You might think, then, that our more traditional readers wouldn't deal with this as much. Since many more traditional readers are a bit less “out there,” a bit better integrated into mainstream culture, and a bit less other-y, you'd think they would wrestle with the siren song of other-ing themselves.

And yet, we see it constantly on Offbeat Bride, with more traditional readers writing in fretting, Oh Noes, I Think My Wedding Will Be Normal! and asking, Am I still offbeat if I love white chair covers? I worry that sometimes, this sense of alienation is what binds Offbeat Brides to each other — I might be weird feeling marginalized by mainstream society, and you might be normal feeling marginalized by some nontraditional wedding website!

I worry that I contribute in some way to this anxiety, despite the fact that over the years I've practically written a second book about how brides do not need more ways to feel bad about our weddings, your wedding is not a contest, and engaged women don't need another voice telling them they're failing. (Nor do they need another voice tell them they're an outsider.) But what I'm recognizing more and more (both in myself and my readers) is how often that voice is internal.

No one made me feel like an outsider at that dance event I went to. I was offered back rubs, approached to dance, hugged and smiled at. So why did I spent the evening finding all the ways that I had nothing in common with anyone else in the room?

I think of it as like picking an emotional scab. It's a familiar sensation (ah… delicious alienation where I am the specialist, most differentest snowflake!) and can even be deeply motivating. Heck, I started this website as a reaction against feeling “othered” by mainstream wedding websites, and not even disliking the way nontraditional wedding websites were structured. Pushing against can be powerful… but it can also be tremendously isolating, and a huge waste of time. Construction is so much more valuable than demolition!

I would argue that Offbeat Brides need support as much or more than other couples, because they're questioning wedding traditions and a wedding industry and a wedding culture. But in our efforts to find our ways to a wedding that feels like an authentic, realistic expression of our relationships and communities, we must work not to push away those who want to help us or those who want to relate to us.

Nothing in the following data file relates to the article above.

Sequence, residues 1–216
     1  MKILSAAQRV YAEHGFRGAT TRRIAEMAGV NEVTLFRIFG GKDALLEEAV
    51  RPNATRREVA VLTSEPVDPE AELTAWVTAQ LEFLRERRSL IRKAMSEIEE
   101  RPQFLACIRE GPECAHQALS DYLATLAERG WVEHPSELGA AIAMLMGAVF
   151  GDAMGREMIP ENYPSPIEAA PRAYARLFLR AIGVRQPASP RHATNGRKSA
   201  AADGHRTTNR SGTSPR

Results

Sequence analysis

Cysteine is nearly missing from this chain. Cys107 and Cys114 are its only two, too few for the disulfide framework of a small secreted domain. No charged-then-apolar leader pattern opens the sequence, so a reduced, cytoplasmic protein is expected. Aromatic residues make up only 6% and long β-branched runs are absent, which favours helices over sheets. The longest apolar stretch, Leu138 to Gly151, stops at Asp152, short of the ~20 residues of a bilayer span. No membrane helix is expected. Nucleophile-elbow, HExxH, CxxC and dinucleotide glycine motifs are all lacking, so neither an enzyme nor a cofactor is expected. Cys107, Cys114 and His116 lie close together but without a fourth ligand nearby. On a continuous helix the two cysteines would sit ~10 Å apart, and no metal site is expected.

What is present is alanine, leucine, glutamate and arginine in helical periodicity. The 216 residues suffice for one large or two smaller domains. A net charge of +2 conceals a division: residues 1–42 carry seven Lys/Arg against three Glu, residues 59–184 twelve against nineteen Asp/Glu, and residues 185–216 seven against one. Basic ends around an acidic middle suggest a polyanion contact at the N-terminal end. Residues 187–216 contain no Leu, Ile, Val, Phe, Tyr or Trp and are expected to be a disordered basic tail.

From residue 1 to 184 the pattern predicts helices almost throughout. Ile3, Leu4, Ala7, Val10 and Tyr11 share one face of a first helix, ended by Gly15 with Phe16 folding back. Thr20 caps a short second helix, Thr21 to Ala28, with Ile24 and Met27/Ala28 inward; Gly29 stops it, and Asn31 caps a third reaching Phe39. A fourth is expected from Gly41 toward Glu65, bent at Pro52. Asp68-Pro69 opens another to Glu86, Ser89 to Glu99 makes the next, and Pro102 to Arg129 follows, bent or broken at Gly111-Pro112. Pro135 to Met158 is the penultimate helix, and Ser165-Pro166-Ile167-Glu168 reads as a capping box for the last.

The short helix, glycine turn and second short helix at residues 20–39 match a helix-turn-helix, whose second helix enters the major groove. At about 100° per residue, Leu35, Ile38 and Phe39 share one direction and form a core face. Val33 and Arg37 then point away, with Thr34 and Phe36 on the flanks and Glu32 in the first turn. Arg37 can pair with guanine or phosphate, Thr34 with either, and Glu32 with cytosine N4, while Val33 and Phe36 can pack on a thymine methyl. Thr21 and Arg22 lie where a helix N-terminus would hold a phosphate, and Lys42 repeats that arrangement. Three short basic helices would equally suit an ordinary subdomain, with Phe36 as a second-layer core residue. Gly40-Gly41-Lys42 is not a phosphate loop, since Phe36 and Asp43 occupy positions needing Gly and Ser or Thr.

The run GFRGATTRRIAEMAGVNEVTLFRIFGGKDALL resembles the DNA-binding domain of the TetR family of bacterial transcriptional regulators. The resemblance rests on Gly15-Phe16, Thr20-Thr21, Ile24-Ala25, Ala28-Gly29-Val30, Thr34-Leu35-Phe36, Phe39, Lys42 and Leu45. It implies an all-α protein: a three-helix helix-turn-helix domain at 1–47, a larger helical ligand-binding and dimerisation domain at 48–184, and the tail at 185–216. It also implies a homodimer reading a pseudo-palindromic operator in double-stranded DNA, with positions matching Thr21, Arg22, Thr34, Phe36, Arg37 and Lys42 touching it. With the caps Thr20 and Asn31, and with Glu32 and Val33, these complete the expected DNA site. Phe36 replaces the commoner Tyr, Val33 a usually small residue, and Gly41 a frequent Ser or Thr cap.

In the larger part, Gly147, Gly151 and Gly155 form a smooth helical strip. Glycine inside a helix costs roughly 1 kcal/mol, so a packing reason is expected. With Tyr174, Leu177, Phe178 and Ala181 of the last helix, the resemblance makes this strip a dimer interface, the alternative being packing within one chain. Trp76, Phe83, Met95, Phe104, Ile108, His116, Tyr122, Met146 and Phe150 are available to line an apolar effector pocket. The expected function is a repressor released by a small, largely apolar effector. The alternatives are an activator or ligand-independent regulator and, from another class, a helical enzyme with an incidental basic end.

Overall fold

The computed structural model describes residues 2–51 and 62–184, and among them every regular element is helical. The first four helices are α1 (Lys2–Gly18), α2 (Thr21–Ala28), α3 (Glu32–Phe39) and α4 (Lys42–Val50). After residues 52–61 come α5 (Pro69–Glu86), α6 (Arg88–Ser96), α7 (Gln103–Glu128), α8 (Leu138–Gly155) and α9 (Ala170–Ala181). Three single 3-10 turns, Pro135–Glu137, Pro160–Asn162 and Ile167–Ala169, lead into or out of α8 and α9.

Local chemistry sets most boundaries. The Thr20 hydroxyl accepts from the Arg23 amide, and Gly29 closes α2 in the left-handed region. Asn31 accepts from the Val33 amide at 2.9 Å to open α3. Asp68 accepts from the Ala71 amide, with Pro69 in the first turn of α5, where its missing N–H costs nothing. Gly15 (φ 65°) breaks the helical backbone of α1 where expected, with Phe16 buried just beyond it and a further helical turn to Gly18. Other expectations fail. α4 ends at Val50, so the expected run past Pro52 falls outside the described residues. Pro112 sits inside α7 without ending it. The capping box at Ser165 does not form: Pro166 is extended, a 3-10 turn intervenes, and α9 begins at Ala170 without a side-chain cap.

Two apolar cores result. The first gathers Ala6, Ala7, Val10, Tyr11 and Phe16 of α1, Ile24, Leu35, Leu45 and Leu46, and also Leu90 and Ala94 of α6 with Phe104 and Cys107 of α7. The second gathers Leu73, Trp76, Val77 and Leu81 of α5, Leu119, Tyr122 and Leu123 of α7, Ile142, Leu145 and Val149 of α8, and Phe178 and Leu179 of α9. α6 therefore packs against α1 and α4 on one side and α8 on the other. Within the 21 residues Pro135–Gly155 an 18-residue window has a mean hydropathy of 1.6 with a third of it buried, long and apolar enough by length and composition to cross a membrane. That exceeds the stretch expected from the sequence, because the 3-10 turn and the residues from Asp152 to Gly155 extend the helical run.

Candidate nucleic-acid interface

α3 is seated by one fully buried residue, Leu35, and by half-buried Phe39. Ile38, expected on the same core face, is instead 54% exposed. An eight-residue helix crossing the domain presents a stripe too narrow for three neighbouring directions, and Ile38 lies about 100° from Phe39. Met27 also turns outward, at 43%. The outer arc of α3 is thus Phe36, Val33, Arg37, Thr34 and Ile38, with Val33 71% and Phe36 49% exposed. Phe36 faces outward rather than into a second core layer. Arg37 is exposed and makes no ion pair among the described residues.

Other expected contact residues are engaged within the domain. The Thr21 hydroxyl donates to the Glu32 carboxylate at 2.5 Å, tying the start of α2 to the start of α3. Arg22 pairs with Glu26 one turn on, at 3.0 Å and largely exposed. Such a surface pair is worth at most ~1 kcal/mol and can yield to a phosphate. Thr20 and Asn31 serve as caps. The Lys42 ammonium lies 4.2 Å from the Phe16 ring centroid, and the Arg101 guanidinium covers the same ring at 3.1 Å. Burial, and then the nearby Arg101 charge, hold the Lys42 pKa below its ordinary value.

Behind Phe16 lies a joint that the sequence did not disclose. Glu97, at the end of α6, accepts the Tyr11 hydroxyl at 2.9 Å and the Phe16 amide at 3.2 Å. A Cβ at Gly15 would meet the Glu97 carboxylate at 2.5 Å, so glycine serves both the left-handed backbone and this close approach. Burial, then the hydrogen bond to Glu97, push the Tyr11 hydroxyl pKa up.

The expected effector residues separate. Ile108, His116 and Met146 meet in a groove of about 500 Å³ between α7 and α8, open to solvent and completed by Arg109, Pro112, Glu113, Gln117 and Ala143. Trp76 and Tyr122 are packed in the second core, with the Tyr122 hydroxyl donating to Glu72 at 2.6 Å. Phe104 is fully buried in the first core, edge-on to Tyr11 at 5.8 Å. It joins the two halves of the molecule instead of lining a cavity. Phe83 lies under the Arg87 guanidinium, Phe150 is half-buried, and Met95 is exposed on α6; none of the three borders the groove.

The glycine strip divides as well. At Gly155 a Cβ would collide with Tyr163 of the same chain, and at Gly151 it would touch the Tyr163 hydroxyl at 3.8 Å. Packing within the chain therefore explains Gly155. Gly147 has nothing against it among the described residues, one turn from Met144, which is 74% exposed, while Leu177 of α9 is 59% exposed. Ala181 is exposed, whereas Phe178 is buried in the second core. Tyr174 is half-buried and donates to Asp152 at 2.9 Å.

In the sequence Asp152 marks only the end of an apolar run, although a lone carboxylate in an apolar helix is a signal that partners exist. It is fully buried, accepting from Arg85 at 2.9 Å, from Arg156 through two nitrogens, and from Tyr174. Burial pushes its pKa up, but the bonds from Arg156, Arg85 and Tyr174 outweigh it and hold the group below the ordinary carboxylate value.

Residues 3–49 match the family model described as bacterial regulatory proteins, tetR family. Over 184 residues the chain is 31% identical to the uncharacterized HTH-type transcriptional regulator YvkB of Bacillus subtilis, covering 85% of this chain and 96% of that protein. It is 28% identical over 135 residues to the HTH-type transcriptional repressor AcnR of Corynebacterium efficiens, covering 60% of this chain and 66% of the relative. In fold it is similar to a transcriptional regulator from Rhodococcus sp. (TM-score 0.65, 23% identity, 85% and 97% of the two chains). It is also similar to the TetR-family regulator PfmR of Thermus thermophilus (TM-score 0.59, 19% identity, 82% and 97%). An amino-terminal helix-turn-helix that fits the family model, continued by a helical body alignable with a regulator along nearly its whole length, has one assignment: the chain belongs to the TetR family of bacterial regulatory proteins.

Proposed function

As I recounted over here, sometimes we'll get blog comment saying something like, “We're wearing Converse at our wedding, and my parents think we're crazy!” And I'll reply with “Oh, you're not crazy… lots of people wear Cons!” I'm trying to be reassuring (“…other people have overcome these same challenges!”) but sometimes the response is heartbreak: “Oh, I thought we were special. Now I feel unspecial.” If you've developed your identity around a sense of alienation… it can be disconcerting to suddenly be part of a larger community.

In the push to define your wedding as your own, you have to watch yourself carefully to make sure you're not pushing away the family and community members who are ready to support you. They might be clumsy, or old fashioned, or have a different vision than you, but their intent is most likely good.

Likewise, even the most offbeat of us have more in common with folks planning more mainstream weddings than we may be ready to admit — everyone's stressed, everyone's dealing with family and money and event planning; we're all just freaking out.

I worry that sometimes we're all in such a hurry to “other” ourselves that we push ourselves away from the communities that are waiting to embrace us. I think it's critically important that we step back for a moment, stop fiddling over the differences, and start finding the shared experiences.